But Kanaka didn’t give up. He found a spot outside the temple and started to sing his heart out to Lord Krishna. His songs were full of love and devotion. They were so powerful that they say Lord Krishna Himself heard them.

Moved by Kanaka’s unwavering devotion, a miracle happened. Inside the temple, the statue of Krishna, which could not be seen from the outside, turned around to face west, the direction where Kanaka was singing from outside. This was Lord Krishna’s way of showing that true devotion can break through any barrier.

Because of this miracle, a small window was opened in the temple wall, which came to be known as “Kanakana Kindi.” This window was where Kanaka Dasa was allowed to have a glimpse of Lord Krishna. It became a symbol that devotion and love for God are beyond caste and societal divisions.

The most profound lesson in Kanaka’s journey came through an unusual test. One night, as Kanaka Dasa lay in a state between wakefulness and sleep, a vision came to him. It was Lord Krishna, radiant and majestic, standing before him in all His glory. Kanaka, overwhelmed by the presence of the Lord, fell to his knees, his heart overflowing with love and eyes brimming with tears of devotion.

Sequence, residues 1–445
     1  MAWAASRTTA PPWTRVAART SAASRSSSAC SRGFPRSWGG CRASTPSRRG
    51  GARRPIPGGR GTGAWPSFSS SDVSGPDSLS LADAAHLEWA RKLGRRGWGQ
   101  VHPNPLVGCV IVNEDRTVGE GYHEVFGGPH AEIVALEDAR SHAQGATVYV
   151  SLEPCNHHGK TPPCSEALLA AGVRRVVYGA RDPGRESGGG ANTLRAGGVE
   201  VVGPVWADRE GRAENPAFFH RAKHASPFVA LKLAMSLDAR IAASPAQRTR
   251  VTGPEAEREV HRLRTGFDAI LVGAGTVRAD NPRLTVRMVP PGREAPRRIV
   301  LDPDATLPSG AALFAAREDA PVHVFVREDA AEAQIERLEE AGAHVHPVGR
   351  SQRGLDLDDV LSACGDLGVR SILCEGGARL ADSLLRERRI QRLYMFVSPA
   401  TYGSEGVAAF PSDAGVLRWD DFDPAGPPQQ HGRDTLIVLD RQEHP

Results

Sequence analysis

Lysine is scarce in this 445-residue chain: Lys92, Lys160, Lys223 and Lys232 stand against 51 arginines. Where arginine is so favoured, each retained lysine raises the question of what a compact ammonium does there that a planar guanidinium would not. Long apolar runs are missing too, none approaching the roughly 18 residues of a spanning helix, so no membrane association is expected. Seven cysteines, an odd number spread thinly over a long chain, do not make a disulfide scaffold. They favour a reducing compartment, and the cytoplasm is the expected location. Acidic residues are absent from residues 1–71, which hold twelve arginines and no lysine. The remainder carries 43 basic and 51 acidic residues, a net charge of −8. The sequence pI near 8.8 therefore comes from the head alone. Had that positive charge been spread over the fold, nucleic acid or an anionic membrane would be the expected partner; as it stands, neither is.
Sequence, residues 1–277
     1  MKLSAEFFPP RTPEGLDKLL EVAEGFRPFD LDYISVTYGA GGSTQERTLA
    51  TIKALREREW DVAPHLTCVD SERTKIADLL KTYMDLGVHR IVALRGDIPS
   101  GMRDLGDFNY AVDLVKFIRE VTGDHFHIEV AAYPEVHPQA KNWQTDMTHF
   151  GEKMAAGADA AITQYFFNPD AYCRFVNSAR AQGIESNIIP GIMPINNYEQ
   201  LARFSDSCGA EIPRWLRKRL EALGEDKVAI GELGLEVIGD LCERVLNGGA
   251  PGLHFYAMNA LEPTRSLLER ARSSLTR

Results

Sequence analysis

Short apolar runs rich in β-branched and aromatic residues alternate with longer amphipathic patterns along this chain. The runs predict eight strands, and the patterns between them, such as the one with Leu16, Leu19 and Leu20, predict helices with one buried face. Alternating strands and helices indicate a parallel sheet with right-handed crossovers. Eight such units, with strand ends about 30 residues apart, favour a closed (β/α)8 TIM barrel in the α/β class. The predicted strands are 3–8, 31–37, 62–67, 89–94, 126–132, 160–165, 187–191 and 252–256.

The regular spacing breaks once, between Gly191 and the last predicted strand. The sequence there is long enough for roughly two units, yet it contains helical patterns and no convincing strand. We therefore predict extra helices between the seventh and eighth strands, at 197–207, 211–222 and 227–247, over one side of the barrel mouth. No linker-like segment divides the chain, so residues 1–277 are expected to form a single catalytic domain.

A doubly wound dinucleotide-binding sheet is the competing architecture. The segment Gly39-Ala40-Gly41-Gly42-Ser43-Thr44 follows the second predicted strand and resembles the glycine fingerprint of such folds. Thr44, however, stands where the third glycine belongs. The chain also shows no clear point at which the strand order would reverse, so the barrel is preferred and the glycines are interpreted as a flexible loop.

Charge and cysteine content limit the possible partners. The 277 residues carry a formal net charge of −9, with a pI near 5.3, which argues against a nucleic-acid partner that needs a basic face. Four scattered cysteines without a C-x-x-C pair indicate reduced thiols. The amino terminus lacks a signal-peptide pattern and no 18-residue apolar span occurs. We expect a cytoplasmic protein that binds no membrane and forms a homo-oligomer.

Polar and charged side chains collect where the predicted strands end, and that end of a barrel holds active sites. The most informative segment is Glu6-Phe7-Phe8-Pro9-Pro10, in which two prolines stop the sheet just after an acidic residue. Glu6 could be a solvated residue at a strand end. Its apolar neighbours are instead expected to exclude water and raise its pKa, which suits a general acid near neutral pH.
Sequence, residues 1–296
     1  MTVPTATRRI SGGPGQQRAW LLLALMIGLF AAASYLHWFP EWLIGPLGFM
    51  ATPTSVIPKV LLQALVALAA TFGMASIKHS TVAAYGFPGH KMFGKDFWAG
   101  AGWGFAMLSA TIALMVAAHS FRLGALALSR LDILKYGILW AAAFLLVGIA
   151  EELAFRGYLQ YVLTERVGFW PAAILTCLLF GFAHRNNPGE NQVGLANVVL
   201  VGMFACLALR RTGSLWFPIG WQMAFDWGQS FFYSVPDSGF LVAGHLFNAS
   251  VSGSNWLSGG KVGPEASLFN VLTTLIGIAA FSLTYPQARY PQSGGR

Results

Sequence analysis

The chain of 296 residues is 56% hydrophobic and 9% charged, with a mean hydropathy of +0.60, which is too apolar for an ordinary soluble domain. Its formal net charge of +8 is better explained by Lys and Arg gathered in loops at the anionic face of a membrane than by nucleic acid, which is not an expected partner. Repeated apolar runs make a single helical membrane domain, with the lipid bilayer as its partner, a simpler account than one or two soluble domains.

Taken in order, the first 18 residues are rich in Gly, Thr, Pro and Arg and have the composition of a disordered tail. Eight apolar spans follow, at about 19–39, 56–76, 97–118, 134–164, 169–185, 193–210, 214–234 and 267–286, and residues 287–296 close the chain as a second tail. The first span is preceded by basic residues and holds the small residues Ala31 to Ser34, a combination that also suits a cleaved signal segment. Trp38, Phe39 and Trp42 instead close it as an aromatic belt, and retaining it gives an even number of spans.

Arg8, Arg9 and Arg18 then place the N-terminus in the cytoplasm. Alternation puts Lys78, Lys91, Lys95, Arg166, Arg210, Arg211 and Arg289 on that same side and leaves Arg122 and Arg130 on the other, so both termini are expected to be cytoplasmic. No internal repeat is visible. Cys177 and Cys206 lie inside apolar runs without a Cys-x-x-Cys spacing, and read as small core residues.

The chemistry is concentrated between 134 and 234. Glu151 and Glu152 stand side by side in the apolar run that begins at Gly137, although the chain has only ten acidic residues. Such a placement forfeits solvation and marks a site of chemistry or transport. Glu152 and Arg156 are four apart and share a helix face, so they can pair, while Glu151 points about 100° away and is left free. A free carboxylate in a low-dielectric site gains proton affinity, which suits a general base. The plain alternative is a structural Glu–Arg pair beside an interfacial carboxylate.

Shri Krishna spoke to Kanaka in a voice that felt soft and yet as deep and vast as the universe itself. He spoke of love, of devotion, and of the trials that come with true faith. As Krishna’s words washed over him, Kanaka felt a surge of emotions, a mixture of joy, love, and a deep sense of surrender.

Then, in a moment that would forever be etched in Kanaka’s heart, Krishna reached out and “slapped” him. This was no ordinary slap, but a divine touch, a leela (divine play), meant to teach, to test, and ultimately to transform. It was a moment of profound intimacy between the divine and His devotee, a moment where earthly logic failed, and spiritual truth reigned supreme.

The slap was a message, a divine signal to Kanaka that the path of devotion is fraught with challenges, that true faith is tested in the fires of adversity. It was Krishna’s way of preparing Kanaka for the trials ahead, assuring him that divine love is constant, unshakeable, and sometimes expressed in ways beyond human understanding.